In his typical OCD way, Chris had scrubbed the counters and folded 9 kitchen towels… all in the exact same pattern.
He had also rearranged the family room furniture. The man is so busy that he literally snoozes in 1 minute increments. Yet, on a rainy Wednesday afternoon, he spends hours rearranging furniture and folding kitchen towels.
I shake it off only to see Hadley bolting down the stairs.
She is dressed in pink sweat shorts, a blue sequined shirt and my black patent leather boots. This seems completely and utterly normal next to Samuel’s state of dress: black T-shirt and white underwear. Yes, at 6 o’clock pm, he is walking around in his underwear…for no apparent reason.
Sensing the speechless in my face, Chris mumbles something without looking up.
“Huh?” I am inpatient. Why can’t I come home to a glass of wine, a nice Yankee candle and fully clothed children?
Chris enunciates every word so there is no mistake: ” I asked if you smelled fresh gerbil hay too.”
We don’t have nor have we ever had a gerbil. I have never, nor will I ever smell gerbil hay.
I run upstairs to “change” and lock myself in my bathroom. I contemplate the events of these last few minutes. I am so disturbed by these random things that I just need to sit quietly.
That’s when it occurred to me that these crazyish things happen A LOT in my life. I am afraid that it is hereditary.
Enter my mother.
She does not do well under stress. And nothing stresses my mom out more than an injured child. At the sound of a hurt cry, she becomes completely paralyzed.
Case in point: A few months ago, she was at dinner with my sister and her four girls. Someone moved a dining chair and accidentally put it on little Meggie’s foot. She screamed and cried. After a while, Meggie was soothed by her mom and all was well. No one paid attention to my mother’s reaction. Mom had stood up, screamed a short little scream then disappeared. By the time she came back Megs was fine.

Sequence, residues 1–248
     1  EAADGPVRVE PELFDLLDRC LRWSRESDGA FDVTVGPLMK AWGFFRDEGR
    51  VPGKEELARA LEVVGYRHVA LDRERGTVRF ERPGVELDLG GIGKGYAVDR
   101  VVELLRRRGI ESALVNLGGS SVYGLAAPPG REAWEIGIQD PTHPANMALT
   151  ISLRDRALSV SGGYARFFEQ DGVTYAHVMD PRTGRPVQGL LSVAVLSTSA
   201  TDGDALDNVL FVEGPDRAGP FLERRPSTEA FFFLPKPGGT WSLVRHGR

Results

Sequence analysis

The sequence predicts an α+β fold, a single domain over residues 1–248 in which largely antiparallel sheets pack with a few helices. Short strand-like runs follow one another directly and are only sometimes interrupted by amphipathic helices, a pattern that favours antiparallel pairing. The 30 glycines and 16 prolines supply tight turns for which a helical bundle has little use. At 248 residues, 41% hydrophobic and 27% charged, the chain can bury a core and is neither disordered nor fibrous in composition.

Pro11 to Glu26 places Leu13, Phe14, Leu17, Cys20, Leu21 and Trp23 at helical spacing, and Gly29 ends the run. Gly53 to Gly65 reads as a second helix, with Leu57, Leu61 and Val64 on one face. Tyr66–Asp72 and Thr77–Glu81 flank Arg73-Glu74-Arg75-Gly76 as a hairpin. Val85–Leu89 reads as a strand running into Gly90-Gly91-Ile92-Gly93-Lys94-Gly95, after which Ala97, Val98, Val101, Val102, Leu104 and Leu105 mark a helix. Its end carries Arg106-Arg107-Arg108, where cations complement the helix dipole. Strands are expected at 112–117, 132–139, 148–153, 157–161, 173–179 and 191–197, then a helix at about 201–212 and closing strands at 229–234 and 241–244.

Hours later, my brother in law headed out to the garage. Within moments, he came back into the house a bit ashen. With a perplexed look he ushered my sister aside.
Carol took something from his concealed hand and approached my mother.
“Mom, Hab just found these in the garage….weren’t you just wearing them?”
In her outstretched hand, she held a crumpled pair of pantyhose.
“Mom, why are your pantyhose in the garage?” My mother just stared at her blankly.
Then in the most matter of fact tone she explained. “Meggie got hurt. I didn’t know what to do. So I took my panty hose off and threw them in the garage. ”
Makes perfect sense. What else would you do in such a situation?
Thank God I do not display any such craziness myself.
Unless you count my dreams.
As we get ready to move into our new office. I have done less sleeping and more tossing. What little sleep I do get has been punctuated by disturbingly vivid dreams.
Last Friday we were expecting a huge furniture delivery. I tossed and turned through the entire night before. Would it be right? Would it be on time? Would it come at all? Eventually I drifted off to sleep.
That night, I had a dream. The furniture was not right. In fact, in my dream there was no furniture delivered at all.
Instead of the 10 desks, 5 filing cabinets and countless chairs we had ordered, the nice people at Rubinstein’s had delivered 14…..
commercial grade ice makers.
Yes, ice makers: like the ones they have in hotel vending rooms.
The truly scary thing is that when I woke up in a cold sweat, I realized something.
My terror was not caused by the fact that we had no furniture. I was not bothered by the fact that we had enough ice to fill hundreds of bath tubs. The worst part was that not one of those huge ice makers was able to make crushed ice.
My most shocking reality? Our entire staff would be relegated to a work life of nothing but cubed.
That sure makes gerbil hay and shed hose seem pretty normal doesn’t it?